Amazon to create 2,500 UK jobs
- 22 January 2016
- From the section Business
Amazon says it will take on 2,500 new permanent staff in the UK this year, bringing its total number of UK employees to 14,000.
The online retailer will also create thousands more jobs elsewhere in Europe.
It is investing to expand its European operations, including its warehouses, known as fulfilment centres.
The company currently employs 40,000 people in Europe and last year created 10,000 jobs.
It says it has invested more than €15bn (£11.5bn) on European infrastructure and operations since 2010, with £4.6bn in the UK.
Amazon said the jobs would be added across its business operations in the UK.
These include posts at its new London head office, which is under construction, and at three research and development centres, in Cambridge, Edinburgh and London, as well as at a customer service centre in Edinburgh.
It will also be hiring people for its 10 warehouses and its new fashion photography studio in London. The new Amazon Web Services data centres, due to launch next year, will also need new staff as will local delivery centres.
"Britain has a world-class tech sector with a reputation for innovation and excellence," said Amazon UK's managing director, Christopher North.
"These new jobs we are creating up and down the country are testament to the quality of the workforce in the UK and our confidence in its economy, which we are proud to support through our continued investments," he said.
Analysis: BBC technology correspondent, Rory Cellan-Jones
Amazon first arrived in the UK in 1998, buying a local online book retailer to get into the market.
Since then it has marched remorselessly into all kinds of retailing and other services, and this latest announcement signals that its desire for growth has not been sated.
Many of the jobs will be in the vast warehouses which sort and dispatch goods, but the firm is keen to stress that there are also highly skilled research and development posts.
In the Cambridge R&D centre, work will expand on projects like the voice recognition behind the Echo speaker - perhaps soon to arrive in the UK.
London will be the focus for Amazon's Prime Video service and its battle with Netflix.
But today's statement does not reveal anything about the subject which strikes fear into the boardrooms of the big supermarkets - any ambition to enter the fresh food retailing business.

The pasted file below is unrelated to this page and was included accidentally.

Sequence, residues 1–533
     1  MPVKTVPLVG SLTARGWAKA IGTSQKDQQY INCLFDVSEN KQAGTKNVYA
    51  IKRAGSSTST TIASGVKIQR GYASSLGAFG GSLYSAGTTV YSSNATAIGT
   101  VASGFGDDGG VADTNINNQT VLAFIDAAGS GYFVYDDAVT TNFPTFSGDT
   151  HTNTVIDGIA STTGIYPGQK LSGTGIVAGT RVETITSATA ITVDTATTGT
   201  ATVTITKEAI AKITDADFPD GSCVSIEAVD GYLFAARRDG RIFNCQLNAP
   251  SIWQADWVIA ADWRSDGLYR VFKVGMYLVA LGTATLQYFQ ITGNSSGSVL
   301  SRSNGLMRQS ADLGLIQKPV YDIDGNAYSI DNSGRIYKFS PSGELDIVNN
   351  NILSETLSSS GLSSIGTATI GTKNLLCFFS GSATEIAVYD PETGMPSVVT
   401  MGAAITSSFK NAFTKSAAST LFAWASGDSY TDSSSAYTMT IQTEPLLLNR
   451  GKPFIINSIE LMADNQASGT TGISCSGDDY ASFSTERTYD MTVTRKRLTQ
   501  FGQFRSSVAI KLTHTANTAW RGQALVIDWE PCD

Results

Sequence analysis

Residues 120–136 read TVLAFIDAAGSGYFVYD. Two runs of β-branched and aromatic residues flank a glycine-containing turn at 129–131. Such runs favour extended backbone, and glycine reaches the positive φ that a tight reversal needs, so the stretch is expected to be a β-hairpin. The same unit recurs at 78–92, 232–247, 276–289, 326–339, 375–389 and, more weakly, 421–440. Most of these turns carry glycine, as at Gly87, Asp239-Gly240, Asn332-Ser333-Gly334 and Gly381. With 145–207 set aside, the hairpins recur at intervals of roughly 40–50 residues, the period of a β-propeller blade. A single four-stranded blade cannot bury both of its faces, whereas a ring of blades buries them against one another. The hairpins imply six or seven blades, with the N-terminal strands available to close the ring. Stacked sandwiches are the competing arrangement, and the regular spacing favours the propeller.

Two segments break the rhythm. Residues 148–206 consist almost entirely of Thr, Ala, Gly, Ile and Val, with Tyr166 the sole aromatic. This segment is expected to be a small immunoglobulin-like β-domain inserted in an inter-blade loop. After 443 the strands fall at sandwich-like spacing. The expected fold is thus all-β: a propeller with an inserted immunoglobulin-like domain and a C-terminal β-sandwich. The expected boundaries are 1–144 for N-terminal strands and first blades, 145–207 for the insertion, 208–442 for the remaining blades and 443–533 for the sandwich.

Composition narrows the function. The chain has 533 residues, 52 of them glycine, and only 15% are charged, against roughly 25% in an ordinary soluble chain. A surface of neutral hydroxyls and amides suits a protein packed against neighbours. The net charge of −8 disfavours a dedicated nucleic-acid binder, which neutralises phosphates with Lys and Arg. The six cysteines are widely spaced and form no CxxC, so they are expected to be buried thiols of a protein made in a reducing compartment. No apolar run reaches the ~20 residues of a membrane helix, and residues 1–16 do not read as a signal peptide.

Amazon Fresh, launched in Seattle eight years ago, has made only slow progress in the US.
But the company which has proved so single-minded, not to say ruthless, in pursuit of the efficient distribution of just about everything may see disrupting Britain's grocery trade as a challenge it just cannot resist.
Since Amazon launched Amazon Fresh, its full online grocery delivery business in the US in 2007, there has been a lot of speculation about when a similar service might be introduced in the UK.
The company refused to comment on its future plans for bringing Fresh to the UK.
Last year it launched the more limited Amazon Pantry for dry goods and the Amazon Prime Now mobile app, which offers one-hour delivery on a range of about 200 grocery items.
Those businesses will be taking on new staff as they expand.
In its statement announcing the new jobs Amazon said it was looking for people with all types of experience, education and skill levels.
It also highlighted its adult education programme, Career Choice which it said helps employees gain skills which they can use both working for Amazon and elsewhere.
However, Elly Baker from the GMB Union said she can't give the new Amazon jobs "unqualified support".
The union has concerns about the working conditions for workers at Amazon's warehouse.
She told BBC Radio 5live, "What we hear from our members working in Amazon warehouses is these aren't good jobs.
"The risk of losing your job and being replaced is ever present and for that reason we're nervous of giving it unqualified support when we know that in fact a lot of these jobs will be ones people won't be happy in. Effectively you're just a cog in a machine".